# Channel Waveguides

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This is a continuation from the previous tutorial - graded-index planar waveguides.

So far we have discussed the characteristics of planar waveguides. In practice, most waveguides used in device applications are nonplanar waveguides. For a nonplanar waveguide, the index profile *n*(*x*, *y*) is a function of both transverse coordinates *x* and *y*. There are many different types of nonplanar waveguides that are differentiated by the distinctive features of their index profiles. One very unique group is the circular optical fibers discussed in the next tutorial. Another important group of nonplanar waveguides is the ** channel waveguides**, which include the

**, the**

*buried channel waveguides***, the**

*strip-loaded waveguides***, the**

*ridge waveguides***, and the**

*rib waveguides***, shown in figure 14 below.**

*diffused waveguides*

A ** buried channel waveguide** is formed with a high-index waveguiding core buried in a low-index surrounding medium. The waveguiding core can have any cross-sectional geometry though it is often intended to have a rectangular shape, as shown in figure 14(a).

A ** strip-loaded waveguide** is formed by loading a planar waveguide, which already provides optical confinement in the

*x*direction, with a dielectric strip of index

*n*

_{3}<

*n*

_{1}or a metal strip to facilitate optical confinement in the

*y*direction, as shown in figure 14(b). The waveguiding core of a strip waveguide is the

*n*

_{1}region under the loading strip, with its thickness

*d*determined by the thickness of the

*n*

_{1}layer and its width

*w*defined by the width of the loading strip.

A ** ridge waveguide**, shown in figure 14(c), has a structure that looks like a strip waveguide, but the strip, or the ridge, on top of its planar structure has a high index and is actually the waveguiding core. A ridge waveguide has strong optical confinement because it is surrounded on three sides by low-index air.

A ** rib waveguide**, shown in figure 14(d), has a structure similar to that of a strip or ridge waveguide, but the strip has the same index as the high-index planar layer beneath it and is part of the waveguiding core.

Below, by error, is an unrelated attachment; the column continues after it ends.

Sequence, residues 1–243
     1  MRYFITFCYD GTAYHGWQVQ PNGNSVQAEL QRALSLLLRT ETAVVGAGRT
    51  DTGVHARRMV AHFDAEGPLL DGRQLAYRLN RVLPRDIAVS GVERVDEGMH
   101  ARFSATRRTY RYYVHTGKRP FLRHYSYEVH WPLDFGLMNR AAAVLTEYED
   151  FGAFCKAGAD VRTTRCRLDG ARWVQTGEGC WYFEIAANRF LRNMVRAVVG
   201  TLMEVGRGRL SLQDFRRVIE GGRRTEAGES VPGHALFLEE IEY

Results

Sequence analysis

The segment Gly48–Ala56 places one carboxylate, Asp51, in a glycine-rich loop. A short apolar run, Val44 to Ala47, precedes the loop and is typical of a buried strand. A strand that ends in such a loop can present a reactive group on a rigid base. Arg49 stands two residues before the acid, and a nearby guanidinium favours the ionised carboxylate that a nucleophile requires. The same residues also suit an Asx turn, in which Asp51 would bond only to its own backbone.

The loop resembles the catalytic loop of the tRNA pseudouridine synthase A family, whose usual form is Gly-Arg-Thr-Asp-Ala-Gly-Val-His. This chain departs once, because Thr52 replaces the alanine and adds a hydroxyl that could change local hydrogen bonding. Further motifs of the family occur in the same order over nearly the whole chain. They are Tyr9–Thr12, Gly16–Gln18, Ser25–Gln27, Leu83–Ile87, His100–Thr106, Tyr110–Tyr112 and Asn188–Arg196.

These four types of waveguides are usually classified as ** rectangular waveguides** with a thickness of

*d*in the

*x*direction and a width

*w*in the

*y*direction, though their shapes are normally not exactly rectangular.

A ** diffused waveguide**, shown in figure 14(e), is formed by creating a high-index region in a substrate through diffusion of dopants, such as a LiNbO

_{3}waveguide with a core formed by Ti diffusion. Because of the diffusion process, the core boundaries in the substrate are not sharply defined. However, a diffused waveguide also has thickness

*d*defined by the diffusion depth of the dopant in the

*x*direction an a width

*w*defined by the distribution of the dopant in the

*y*direction.

One distinctive property of nonplanar dielectric waveguides versus planar waveguide is that a nonplanar waveguide supports hybrid modes in addition to TE and TM modes, whereas a planar waveguide supports only TE and TM modes.

Except for those few exhibiting special geometric structures, such as circular optical fibers, nonplanar dielectric waveguide generally do not have analytical solutions for their guided mode characteristics. Numerical methods, such as the ** beam propagation method**, exist for analyzing such waveguides. Here we are interested in obtaining approximate solutions that give the mode characteristics without full-blown numerical analysis. One of the methods for this purpose is the

**discussed below.**

*effective index method*

**Effective Index Method**

The basic concept of the effective index method, illustrated in figure 15 below, is to convert the problem of a channel waveguide into that of two planar waveguides. The effective index method is a good approximation if the waveguide satisfies the following two conditions:

(1) the waveguide width is larger than its thickness, *w* > *d*

(2) waveguiding in the *y* direction across its width is not stronger than that in the *x* direction across its thickness

Many useful waveguides satisfy these conditions. The effective index method applies to both step-index and graded-index channel waveguides, including all of those shown in figure 14, as long as these two conditions are satisfied.

When these two conditions are satisfied, the characteristics of the guided modes are primarily determined by the layered structure perpendicular to the *x* direction, much like a planar waveguide of thickness *d*, but are modified by a lateral structure of width *w*. The planar structure defines TE and TM polarizations, but the lateral structure distorts them. Therefore, a mode with its electric field mostly in the *y* direction parallel to the planar layers is called a ** TE-like mode**, and one with its magnetic field mostly in this direction is called a

**.**

*TM-like mode*

The procedure of applying the effective index method is straightforward. Because an effective index is mode dependent, we first decide on the specific mode, either TE* _{mn}* or TM

*, with specific mode indices*

_{mn}*m*and

*n*, to be analyzed. The waveguide is then divided into three structures for the three vertical regions, I, II, and III, shown in figure 15. The structure associated with each region is then treated as a planar waveguide to find the propagation constant

*β*for the mode

_{m}*m*. The

*x*dependence of the